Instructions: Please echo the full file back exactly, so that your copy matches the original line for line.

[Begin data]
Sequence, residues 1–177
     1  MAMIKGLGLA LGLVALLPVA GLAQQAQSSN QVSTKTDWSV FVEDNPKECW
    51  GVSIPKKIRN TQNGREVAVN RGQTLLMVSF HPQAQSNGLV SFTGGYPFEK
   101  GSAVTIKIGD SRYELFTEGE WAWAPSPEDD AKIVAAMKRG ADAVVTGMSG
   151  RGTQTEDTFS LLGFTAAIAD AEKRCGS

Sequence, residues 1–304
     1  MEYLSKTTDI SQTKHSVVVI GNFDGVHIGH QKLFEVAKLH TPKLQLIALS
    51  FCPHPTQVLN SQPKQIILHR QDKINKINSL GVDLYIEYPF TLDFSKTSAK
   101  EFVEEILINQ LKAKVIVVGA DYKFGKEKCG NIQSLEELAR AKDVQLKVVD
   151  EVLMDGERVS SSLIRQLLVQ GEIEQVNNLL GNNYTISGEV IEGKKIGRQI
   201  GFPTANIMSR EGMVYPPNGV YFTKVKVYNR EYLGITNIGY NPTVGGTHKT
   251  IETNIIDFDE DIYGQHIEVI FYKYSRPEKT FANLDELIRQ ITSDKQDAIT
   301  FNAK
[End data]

Sequence, residues 1–177
     1  MAMIKGLGLA LGLVALLPVA GLAQQAQSSN QVSTKTDWSV FVEDNPKECW
    51  GVSIPKKIRN TQNGREVAVN RGQTLLMVSF HPQAQSNGLV SFTGGYPFEK
   101  GSAVTIKIGD SRYELFTEGE WAWAPSPEDD AKIVAAMKRG ADAVVTGMSG
   151  RGTQTEDTFS LLGFTAAIAD AEKRCGS

Sequence, residues 1–304
     1  MEYLSKTTDI SQTKHSVVVI GNFDGVHIGH QKLFEVAKLH TPKLQLIALS
    51  FCPHPTQVLN SQPKQIILHR QDKINKINSL GVDLYIEYPF TLDFSKTSAK
   101  EFVEEILINQ LKAKVIVVGA DYKFGKEKCG NIQSLEELAR AKDVQLKVVD
   151  EVLMDGERVS SSLIRQLLVQ GEIEQVNNLL GNNYTISGEV IEGKKIGRQI
   201  GFPTANIMSR EGMVYPPNGV YFTKVKVYNR EYLGITNIGY NPTVGGTHKT
   251  IETNIIDFDE DIYGQHIEVI FYKYSRPEKT FANLDELIRQ ITSDKQDAIT
   301  FNAK